By far, the Catholic Church accounts for the biggest share of this group, operating more than 6,300 schools serving more than 1.8 million students — about 20 percent of them non-Catholics. The totals are down sharply from the early 1960s when there were more than 5.2 million students in almost 13,000 Catholic schools nationwide.
The Council for American Private Education identifies 4,154 schools as “conservative Christian,” serving about 664,000 students.
Julie Ingersoll, the religious studies professor, says those schools are faring well, at least in the eyes of their supporters. She notes that many are now able to access publicly funded tax credits and vouchers in various states, and often can operate with limited regulation.
“But this leaves kids vulnerable on all kinds of levels, which of course was what the hashtag was about,” Ingersoll said in an email. “It’s been portrayed as a campaign against Christianity from ‘the left,’ but it was really a group of young adults who grew up in Christian schools (and Christian homeschooling) explaining how they believe they were personally harmed by it.”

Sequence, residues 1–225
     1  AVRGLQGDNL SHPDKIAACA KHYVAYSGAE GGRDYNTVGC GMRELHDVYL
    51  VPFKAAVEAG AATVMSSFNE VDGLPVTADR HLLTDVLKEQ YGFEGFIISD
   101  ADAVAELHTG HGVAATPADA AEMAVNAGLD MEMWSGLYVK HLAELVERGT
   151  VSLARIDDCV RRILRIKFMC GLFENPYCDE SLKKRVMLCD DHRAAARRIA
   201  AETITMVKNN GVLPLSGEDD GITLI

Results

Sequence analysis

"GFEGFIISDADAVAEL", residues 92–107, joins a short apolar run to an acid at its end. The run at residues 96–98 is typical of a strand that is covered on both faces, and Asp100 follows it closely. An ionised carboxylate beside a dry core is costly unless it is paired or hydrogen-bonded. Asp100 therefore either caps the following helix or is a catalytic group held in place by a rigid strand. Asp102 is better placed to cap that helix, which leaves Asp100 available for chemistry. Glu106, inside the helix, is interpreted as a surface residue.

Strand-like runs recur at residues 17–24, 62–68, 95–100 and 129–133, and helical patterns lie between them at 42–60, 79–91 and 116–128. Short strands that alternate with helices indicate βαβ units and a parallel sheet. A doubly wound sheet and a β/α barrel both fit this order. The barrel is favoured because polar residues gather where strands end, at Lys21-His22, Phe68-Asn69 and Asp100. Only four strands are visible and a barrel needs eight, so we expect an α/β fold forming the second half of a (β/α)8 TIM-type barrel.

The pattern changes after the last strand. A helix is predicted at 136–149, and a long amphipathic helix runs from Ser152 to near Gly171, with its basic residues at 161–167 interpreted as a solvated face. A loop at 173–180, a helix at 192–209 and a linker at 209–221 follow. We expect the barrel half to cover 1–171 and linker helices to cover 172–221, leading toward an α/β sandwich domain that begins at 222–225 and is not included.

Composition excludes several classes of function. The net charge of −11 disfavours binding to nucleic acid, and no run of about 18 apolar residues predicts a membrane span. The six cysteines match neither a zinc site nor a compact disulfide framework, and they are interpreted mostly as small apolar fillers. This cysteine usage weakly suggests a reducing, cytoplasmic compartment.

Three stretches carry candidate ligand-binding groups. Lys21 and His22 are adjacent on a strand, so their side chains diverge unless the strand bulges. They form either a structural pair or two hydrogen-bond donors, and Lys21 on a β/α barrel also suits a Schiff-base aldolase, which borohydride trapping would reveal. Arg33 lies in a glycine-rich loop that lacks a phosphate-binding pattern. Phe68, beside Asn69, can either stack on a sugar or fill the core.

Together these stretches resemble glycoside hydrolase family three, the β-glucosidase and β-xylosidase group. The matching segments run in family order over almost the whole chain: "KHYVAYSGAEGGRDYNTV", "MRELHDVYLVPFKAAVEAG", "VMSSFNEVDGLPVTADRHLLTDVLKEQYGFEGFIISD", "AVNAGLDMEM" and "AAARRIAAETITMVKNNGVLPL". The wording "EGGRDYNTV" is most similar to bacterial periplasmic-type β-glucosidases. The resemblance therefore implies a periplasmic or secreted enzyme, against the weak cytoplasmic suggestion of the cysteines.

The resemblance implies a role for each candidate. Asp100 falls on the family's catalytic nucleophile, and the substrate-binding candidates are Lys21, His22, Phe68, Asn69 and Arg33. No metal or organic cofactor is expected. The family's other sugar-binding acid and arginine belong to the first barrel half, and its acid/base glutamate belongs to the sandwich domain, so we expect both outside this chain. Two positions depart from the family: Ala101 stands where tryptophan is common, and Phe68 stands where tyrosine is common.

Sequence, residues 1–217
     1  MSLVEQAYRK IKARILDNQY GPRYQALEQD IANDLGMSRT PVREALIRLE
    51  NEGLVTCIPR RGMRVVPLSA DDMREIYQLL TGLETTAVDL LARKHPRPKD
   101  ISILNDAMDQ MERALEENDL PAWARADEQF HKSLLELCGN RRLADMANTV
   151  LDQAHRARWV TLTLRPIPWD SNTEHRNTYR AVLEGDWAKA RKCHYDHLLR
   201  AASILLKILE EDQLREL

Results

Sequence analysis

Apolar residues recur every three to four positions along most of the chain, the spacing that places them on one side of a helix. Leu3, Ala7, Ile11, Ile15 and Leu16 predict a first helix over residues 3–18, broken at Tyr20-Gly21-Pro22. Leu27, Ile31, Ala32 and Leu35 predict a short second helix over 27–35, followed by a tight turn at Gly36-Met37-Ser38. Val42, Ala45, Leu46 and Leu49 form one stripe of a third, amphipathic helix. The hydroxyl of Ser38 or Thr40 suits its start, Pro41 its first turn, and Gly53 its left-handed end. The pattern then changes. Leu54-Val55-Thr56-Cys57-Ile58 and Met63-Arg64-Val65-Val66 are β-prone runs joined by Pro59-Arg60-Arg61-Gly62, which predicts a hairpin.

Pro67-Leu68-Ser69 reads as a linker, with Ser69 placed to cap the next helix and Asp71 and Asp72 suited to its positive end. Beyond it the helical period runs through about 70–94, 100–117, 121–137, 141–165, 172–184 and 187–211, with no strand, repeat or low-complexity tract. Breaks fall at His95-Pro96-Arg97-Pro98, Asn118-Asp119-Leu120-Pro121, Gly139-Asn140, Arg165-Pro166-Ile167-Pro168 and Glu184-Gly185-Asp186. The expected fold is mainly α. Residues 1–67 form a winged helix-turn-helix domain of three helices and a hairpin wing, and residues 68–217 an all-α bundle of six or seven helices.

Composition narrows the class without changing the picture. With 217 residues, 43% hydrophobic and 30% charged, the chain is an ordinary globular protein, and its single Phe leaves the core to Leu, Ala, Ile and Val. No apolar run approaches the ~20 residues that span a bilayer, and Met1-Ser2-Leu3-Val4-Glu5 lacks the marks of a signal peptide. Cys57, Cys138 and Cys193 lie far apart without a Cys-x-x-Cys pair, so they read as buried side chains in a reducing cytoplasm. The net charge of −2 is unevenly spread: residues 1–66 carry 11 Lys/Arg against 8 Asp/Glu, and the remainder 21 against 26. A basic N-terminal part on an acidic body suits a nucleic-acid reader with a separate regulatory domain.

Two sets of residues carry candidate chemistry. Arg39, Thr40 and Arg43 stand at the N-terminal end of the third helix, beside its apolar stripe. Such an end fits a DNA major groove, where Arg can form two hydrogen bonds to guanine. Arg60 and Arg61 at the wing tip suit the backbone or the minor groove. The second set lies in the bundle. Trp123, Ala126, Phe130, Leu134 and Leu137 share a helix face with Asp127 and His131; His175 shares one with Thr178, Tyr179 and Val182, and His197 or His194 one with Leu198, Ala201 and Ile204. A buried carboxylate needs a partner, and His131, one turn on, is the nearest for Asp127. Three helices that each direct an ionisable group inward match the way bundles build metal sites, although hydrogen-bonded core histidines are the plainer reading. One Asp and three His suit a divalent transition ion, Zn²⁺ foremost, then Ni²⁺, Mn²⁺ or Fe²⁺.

“These harms were often related to sex, gender, shame, and abuse,” she wrote. “But stories also detailed impoverished education, especially when it came to science and history.”
The Rev. Russell Moore, a high-profile official with the Southern Baptist Convention, said the recent criticisms of Christian schools reflect some broader societal trends that have riled conservative religious leaders.
“There’s a certain mindset in America that sees any religious conviction as authoritarian,” Moore said.
Overall, Christian schooling “is in a very good place,” Moore said. “There are some phenomenal evangelical schools, preparing their children with remarkable academic rigor.”